Headphoneus Supremus
A modern, compact, reasonably priced flagship
Pros: Tons of power
Minuscule output impedance
Two gain modes
Currently the best measuring high power headphone amp ever made
Also a top notch preamp
Features my preferred method of volume control - relay switched R2R in 0.5 dB steps, around 200 steps
Converts SE to balanced and vice versa
Lots of connectivity, especially with the Ext90 extension for inputs
Advanced functionality such as memorizing different volume levels for different inputs, safe volume feature, etc
Remote control included
Compact size, especially compared to old school powerful amps
Amazing price for what it offers
Cons: Not the most power into high impedance headphones, but should be plenty for most (it's good for around 1W into 300 ohm)
No very low gain mode, the lowest is 6 dB
Even with the Ext90, you can't have more than one set of SE and balanced outputs
The humble Topping A70 Pro does it all. Following amplifier design breakthroughs in the late 2010s via nested feedback/composite amplifiers, Topping has adopted this technology to produce amps that provide not only the best technical performance, but they do so at low prices and while being compact. What we're seeing here is the typical evolution of electronics: improved performance, efficiency, smaller size, and lower price. No more need to spend thousands on the best headphone amp, which is hard to believe for some.

So it was time for me to upgrade and try some new equipment. The A70 Pro is really their flagship headphone amp, despite the presence of an A90 and A90 Discrete which are older.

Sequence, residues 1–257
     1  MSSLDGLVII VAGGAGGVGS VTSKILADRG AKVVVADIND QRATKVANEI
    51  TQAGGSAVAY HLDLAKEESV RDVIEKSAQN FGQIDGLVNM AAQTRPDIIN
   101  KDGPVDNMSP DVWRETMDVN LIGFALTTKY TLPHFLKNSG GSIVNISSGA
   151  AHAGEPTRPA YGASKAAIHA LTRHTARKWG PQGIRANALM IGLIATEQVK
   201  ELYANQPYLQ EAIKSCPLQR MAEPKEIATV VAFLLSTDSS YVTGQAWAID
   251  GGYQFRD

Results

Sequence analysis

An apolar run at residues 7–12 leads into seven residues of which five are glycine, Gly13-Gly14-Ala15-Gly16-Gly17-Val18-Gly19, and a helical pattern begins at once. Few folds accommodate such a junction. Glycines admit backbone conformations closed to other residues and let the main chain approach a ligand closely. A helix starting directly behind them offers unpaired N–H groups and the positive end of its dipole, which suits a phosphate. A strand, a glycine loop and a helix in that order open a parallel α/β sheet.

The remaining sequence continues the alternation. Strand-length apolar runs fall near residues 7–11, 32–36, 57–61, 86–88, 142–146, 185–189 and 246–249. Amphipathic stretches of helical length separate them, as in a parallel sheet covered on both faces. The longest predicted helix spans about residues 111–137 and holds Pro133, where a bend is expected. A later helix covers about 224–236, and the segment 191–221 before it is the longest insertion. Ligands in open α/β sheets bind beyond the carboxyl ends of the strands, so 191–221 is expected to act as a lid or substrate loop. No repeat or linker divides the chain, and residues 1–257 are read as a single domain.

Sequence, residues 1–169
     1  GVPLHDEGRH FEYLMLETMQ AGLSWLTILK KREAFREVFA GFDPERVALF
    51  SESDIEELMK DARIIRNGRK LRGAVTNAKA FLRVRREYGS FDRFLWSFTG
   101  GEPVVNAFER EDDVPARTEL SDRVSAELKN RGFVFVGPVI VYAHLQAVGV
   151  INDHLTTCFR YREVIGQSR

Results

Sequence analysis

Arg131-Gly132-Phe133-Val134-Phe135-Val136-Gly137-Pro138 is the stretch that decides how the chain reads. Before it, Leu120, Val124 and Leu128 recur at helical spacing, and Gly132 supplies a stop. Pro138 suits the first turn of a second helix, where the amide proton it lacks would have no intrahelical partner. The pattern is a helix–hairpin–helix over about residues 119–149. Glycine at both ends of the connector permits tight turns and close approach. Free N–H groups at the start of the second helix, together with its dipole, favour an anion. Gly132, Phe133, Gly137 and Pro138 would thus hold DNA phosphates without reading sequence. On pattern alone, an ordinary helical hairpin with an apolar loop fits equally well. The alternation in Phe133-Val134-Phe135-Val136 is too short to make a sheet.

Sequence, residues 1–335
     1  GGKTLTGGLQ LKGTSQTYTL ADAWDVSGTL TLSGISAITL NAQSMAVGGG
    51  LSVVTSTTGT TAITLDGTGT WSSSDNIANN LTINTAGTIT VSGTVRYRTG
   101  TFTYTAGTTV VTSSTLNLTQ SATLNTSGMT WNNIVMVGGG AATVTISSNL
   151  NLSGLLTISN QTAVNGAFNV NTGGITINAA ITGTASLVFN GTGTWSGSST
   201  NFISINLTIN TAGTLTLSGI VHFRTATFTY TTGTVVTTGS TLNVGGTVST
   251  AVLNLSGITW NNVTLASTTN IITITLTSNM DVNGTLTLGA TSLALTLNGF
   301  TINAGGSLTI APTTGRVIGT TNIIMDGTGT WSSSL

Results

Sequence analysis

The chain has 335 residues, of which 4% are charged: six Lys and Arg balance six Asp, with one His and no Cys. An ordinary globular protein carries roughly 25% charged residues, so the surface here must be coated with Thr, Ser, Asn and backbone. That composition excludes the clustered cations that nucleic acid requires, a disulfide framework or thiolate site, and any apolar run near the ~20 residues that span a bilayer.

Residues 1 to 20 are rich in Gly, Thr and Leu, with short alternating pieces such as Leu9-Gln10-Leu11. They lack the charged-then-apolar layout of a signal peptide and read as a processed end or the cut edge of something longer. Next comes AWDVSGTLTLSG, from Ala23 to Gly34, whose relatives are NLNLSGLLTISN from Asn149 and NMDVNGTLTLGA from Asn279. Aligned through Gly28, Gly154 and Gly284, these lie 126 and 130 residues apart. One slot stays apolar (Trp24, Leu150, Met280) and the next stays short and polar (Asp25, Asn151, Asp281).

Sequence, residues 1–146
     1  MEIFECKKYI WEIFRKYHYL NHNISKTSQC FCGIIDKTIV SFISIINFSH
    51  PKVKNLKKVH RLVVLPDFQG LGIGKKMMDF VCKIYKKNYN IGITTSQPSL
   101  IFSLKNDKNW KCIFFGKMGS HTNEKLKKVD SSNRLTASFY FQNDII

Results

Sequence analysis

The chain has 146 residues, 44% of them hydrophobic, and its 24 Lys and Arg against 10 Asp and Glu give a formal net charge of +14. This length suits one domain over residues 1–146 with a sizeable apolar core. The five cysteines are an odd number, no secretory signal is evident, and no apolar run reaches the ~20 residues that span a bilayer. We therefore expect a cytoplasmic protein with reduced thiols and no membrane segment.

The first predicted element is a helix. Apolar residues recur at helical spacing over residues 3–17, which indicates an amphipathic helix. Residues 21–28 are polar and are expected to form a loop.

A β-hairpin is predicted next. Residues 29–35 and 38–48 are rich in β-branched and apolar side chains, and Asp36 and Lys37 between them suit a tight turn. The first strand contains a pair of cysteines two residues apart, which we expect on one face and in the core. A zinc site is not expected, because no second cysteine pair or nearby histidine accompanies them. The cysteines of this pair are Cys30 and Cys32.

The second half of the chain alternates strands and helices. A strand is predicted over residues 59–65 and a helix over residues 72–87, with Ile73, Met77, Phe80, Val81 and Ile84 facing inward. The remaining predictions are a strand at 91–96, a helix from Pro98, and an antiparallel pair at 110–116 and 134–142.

The A70 Pro is packaged like other recent Topping products. It features a display which is a recent design update for Topping models. This is a nice improvement for me, as I'm used to having old school gear without any digital features like this.


The display has multiple modes, including a cute little VU meter which actually has an adjustable scale.


The A70 Pro features one set of SE inputs, one set of balanced inputs, one set of SE outputs, and one set of balanced outputs. It also has their ground loop lifting switch, a USB-C cable to connect to a computer (as a storage device) for easy firmware upgrades, and 12v trigger capability. Mine already came with the latest 2.02 firmware. For headphone outputs you get a 6.35mm SE, 4.4mm balanced, and XLR balanced. You can enable/disable each input/output individually, or have them all active. You can also disable the headphone outs and just use it as a preamp, or vice versa. The functionality of this device is great.


With the A70 Pro, Topping is sort of competing with themselves again. It costs less than the A90 and A90 Discrete and outperforms them, most of all in power output - the A70 Pro is the more powerful amp. It also has a newer interface than them. It also costs less than their Pre90 preamp which has minimal benefits: lower output impedance (20 vs 50 ohm SE and 40 vs 100 ohm balanced) and better crosstalk spec, but neither difference is huge on paper. The Pre90 has around 32 more steps of volume control which is honestly irrelevant, but the A70 Pro has two explicit gain settings unlike the Pre90 which has no explicit gain control.